Cross-posted at

Paul Farnan, who has worked since last June as General McKiernan’s strategic advisor, writes of what McKiernan accomplished in his short 11-month tour:

He issued a tactical directive last year emphasizing the strategic victory gained by avoiding civilian casualties over a tactical victory that may or may not advance our long-term cause. He stressed the need for soldiers to obey traffic laws and to stop running Afghans off roads but still maintained the force protection measures necessary to safeguard our troops. To some, traffic laws may seem inconsequential in a combat zone, but to Afghans this is home.

That order was more important than most people realized. When I was there earlier this year, I was appalled to learn that even on Provincial Reconstruction Teams, or PRTs as they’re called, soldiers would swerve at bicyclists when they got too close (in one case, the man on the bike was a police officer, and the Humvee driver knocked him over in front of a police checkpoint), or hold contests to see how many windshields they could shatter while on patrol (the winner? 26), and otherwise behave like asses. One of my colleagues even asked his driver, "how would you feel if some dude in a big-ass truck came and broke your windshield, or intentionally scratched your car?"

The soldier shrugged. "I’d probably kill him, or at least go kick his ass." We both looked at him a second, as realization dawned in his face. Later, his Brigade commander issued the McKiernan directive, about obeying traffic laws, slowing down when driving through villages, following a long, gradual escalation of force when approached by road traffic, and so on. Within a month, the villagers we spoke to were happy at the changes, when before they were either indifferent or genuinely unhappy to see us. This kind of thing matters, even if back in the states it feels trivial.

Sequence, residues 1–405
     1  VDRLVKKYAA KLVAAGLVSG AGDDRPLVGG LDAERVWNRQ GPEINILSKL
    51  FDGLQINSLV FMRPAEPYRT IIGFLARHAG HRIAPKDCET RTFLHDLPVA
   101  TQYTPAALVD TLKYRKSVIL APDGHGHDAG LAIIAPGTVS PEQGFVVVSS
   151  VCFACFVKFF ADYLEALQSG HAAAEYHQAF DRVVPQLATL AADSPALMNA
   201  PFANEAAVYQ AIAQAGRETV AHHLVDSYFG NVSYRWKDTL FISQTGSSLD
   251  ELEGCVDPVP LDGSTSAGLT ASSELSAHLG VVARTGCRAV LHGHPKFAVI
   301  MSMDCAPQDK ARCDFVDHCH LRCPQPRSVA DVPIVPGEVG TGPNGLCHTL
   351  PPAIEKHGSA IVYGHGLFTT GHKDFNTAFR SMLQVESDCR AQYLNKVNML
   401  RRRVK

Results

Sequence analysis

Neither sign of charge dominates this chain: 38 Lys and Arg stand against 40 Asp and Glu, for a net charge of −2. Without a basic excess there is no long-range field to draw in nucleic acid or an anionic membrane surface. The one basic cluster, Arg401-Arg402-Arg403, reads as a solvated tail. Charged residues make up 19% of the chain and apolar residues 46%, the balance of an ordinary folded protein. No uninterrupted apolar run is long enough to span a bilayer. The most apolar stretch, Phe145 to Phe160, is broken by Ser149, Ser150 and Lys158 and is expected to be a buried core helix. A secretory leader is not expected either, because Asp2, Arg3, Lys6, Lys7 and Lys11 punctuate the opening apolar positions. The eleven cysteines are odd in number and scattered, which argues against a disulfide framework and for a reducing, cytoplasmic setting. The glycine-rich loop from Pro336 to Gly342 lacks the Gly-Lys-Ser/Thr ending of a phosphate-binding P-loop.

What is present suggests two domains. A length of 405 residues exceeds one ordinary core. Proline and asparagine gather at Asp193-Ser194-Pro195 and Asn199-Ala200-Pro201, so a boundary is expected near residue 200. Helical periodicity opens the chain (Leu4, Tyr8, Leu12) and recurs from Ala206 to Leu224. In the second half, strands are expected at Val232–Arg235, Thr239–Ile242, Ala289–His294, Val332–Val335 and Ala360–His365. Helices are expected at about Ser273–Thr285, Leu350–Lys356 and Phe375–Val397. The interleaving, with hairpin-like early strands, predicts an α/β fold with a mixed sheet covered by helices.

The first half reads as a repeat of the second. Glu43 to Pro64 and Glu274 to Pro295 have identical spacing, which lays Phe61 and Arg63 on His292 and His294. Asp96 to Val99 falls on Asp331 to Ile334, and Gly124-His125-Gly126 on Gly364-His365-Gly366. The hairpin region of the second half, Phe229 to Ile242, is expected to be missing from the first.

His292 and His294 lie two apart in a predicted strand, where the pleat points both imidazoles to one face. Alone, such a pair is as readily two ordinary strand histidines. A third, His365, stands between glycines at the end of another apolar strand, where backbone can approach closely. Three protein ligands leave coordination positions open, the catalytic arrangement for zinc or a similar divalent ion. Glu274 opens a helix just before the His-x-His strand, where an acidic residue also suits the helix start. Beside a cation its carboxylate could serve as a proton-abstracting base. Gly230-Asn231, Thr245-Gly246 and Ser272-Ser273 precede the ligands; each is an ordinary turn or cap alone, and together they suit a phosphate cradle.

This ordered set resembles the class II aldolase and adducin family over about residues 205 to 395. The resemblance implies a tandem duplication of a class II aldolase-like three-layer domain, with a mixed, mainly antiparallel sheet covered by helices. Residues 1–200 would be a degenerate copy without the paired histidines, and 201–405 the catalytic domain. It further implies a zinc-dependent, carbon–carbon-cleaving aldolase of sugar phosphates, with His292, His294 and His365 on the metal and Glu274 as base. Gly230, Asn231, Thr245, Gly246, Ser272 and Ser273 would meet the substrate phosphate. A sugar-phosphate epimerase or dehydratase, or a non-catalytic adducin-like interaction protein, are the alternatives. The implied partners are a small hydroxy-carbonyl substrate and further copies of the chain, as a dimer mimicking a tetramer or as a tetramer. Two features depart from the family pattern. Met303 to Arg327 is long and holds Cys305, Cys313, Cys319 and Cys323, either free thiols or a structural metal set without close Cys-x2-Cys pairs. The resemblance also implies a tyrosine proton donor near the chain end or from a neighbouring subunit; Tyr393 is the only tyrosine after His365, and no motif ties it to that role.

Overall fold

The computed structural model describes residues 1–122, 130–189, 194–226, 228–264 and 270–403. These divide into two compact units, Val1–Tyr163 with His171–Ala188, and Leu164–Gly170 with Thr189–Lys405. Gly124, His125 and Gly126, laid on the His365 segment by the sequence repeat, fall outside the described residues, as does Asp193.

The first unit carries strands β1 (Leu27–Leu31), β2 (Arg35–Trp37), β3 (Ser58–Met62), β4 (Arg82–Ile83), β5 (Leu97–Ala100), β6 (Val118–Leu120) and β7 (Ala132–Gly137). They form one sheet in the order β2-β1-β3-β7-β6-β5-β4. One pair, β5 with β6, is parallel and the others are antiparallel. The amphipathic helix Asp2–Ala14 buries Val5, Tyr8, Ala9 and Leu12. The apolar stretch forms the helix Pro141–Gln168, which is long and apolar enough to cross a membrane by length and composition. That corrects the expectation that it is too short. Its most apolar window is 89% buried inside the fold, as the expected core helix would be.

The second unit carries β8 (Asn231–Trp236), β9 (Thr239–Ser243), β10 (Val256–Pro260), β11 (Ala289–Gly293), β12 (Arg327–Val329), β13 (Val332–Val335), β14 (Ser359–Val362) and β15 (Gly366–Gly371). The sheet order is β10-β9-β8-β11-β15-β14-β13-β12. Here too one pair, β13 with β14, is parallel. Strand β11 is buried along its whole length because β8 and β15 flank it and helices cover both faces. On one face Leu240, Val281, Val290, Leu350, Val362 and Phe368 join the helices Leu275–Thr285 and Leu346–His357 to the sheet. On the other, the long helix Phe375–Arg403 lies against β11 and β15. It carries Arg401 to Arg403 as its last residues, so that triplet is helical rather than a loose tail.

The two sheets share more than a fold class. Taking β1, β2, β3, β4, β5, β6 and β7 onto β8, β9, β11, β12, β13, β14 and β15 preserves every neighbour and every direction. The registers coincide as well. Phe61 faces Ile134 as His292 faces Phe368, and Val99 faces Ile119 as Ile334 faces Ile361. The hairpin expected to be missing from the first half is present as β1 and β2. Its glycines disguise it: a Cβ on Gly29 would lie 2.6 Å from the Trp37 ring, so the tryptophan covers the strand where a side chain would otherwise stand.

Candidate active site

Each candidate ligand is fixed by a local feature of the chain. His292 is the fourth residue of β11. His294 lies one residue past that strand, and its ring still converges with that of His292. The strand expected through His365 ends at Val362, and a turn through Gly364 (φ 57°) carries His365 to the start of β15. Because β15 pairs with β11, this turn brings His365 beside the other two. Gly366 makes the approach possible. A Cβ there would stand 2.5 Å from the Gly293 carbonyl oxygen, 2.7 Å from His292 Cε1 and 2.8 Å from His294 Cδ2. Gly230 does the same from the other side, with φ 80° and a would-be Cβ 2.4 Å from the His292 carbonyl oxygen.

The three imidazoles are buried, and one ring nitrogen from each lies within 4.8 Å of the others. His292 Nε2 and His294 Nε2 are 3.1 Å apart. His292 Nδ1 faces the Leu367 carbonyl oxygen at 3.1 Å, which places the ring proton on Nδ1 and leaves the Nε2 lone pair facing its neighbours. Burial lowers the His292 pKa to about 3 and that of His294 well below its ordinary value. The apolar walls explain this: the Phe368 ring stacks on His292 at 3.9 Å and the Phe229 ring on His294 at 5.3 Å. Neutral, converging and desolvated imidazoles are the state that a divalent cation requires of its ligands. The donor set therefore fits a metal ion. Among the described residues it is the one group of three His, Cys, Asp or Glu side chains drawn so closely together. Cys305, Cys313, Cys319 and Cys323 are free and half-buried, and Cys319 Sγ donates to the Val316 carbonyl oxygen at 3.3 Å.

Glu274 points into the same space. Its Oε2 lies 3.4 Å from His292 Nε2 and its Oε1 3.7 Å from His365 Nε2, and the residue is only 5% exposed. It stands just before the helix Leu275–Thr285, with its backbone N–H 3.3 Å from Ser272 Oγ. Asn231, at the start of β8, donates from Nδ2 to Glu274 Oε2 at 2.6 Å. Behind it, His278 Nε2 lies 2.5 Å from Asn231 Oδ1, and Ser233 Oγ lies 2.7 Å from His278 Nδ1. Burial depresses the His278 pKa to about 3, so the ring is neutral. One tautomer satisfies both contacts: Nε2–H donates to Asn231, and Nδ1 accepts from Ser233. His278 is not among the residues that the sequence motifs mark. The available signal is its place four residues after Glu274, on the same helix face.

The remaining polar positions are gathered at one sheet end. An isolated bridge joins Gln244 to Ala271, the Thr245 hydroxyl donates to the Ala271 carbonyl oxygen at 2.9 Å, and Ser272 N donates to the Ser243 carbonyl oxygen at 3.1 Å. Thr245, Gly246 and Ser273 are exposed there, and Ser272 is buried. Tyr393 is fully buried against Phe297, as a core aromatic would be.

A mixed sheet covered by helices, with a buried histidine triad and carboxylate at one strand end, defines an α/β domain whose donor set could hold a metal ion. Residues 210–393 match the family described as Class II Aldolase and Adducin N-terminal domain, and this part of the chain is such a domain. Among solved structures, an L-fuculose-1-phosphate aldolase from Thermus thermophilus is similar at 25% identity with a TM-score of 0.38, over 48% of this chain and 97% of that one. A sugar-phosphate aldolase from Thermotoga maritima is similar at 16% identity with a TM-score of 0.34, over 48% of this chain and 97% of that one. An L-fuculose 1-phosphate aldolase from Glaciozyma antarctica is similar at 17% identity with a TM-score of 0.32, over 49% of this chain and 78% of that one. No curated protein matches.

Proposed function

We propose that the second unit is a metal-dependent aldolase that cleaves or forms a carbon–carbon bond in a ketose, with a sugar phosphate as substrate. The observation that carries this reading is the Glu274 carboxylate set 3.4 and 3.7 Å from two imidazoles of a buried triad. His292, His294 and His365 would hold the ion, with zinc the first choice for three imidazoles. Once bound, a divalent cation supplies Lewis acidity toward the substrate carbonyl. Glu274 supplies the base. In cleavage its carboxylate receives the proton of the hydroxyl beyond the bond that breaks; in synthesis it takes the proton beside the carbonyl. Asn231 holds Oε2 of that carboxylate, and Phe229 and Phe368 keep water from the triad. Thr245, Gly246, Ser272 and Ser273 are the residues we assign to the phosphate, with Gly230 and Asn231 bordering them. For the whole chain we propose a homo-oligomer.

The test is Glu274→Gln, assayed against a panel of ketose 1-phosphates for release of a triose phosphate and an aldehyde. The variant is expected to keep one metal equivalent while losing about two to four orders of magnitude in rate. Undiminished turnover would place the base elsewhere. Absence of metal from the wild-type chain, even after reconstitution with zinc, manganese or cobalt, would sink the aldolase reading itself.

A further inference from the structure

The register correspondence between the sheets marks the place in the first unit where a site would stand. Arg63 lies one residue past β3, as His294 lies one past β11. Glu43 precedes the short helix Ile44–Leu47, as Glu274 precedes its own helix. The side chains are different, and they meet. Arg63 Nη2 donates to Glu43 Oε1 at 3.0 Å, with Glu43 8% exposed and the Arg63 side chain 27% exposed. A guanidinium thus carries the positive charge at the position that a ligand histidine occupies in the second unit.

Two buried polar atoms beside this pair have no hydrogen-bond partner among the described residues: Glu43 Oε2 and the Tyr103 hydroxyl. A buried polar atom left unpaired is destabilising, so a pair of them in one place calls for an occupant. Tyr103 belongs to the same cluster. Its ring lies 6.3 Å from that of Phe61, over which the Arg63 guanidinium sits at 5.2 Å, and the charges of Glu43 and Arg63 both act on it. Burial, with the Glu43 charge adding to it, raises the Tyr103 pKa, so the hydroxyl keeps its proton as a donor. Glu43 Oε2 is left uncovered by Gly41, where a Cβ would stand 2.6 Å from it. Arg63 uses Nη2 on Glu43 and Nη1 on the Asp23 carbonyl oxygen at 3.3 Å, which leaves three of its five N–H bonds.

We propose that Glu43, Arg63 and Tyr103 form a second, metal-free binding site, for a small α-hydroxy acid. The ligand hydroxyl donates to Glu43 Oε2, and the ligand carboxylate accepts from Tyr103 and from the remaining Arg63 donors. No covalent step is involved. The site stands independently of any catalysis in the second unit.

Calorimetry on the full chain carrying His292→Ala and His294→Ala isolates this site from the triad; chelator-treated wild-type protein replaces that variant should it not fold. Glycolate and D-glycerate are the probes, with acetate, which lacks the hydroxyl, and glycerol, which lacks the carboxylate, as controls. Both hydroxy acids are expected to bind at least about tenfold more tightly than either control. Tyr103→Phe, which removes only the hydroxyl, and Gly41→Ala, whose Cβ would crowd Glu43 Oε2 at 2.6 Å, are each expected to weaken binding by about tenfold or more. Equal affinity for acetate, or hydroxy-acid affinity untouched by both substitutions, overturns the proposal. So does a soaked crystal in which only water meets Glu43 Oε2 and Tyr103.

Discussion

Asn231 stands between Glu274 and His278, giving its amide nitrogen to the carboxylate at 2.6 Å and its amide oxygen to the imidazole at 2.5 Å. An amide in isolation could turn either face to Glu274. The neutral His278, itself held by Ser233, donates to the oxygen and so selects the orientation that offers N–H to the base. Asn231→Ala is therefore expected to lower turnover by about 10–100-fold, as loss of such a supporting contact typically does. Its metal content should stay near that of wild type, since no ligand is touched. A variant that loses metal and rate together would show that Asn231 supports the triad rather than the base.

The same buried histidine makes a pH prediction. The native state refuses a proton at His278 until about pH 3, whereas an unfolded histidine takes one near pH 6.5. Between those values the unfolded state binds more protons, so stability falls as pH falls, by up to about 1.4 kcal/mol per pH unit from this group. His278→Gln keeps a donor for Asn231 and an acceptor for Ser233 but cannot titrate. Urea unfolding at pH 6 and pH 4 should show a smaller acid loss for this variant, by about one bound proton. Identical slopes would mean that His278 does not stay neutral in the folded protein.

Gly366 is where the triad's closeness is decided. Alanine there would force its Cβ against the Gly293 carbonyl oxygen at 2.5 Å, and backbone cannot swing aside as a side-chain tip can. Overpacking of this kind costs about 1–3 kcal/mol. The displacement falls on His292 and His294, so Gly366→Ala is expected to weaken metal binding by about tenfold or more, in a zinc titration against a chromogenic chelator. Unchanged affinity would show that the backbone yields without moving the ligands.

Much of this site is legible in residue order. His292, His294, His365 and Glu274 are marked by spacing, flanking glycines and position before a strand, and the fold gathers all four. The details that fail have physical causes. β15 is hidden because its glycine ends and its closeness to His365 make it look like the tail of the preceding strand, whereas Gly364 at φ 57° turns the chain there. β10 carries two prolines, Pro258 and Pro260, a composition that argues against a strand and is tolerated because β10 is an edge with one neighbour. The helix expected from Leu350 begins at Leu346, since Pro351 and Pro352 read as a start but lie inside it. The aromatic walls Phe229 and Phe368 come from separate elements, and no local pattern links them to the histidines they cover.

Farnan continues:

This struggle is not about killing insurgents. We have killed more insurgents than we can count over the past seven years and have moved no closer to victory by doing so. This struggle is about the Afghan population. Afghans must believe that their government will provide them greater security and opportunity for prosperity than the insurgency will. We are not naive; we know that military operations must continue and that some people must be killed — but under McKiernan a more holistic approach to winning the peace has been our focus. These are the "conventional" tactics he has been employing.

Bingo. That is the heart of my concern about General McChrystal—the man is known mostly for his man-hunting skills. Which is not a bad thing by any stretch: I think we could benefit from having more individual militant commanders killed in Afghanistan. The trouble comes if that becomes our primary focus, especially because that is what a lot of insiders credit with the real "success" behind the Surge in Iraq.

Like my other commentaries on General McChrystal, none of this is a criticism per se. I have no idea how he will command, or what he will do. But the sudden removal of McKiernan—who, if nothing else, deserve our endless praise for finally ending the reign of Bomber McNeill—might indicate General Petraeus’ desire for a drastic change of course in Afghanistan… right when it had been improving, even if incrementally and far too slowly.

It feels weird saying this—despite working for the Army, I have been a consistent critic of how it’s conducted the war in Afghanistan—but I just don’t get what is going on. In either case, much of the opprobrium leveled at McKiernan—whether Ralph Peters complaining about Obama’s "war virgins," or even Andrew Exum noting McKiernan’s reputation for "not getting it"—is simply unwarranted. The man was doing a good job with a crappy situation, and I’m still trying to see how McChrystal’s promotion is not going to make things worse, if nothing else than for the disruption of changing commands way too early and on extremely short notice.

Joshua Foust

Joshua Foust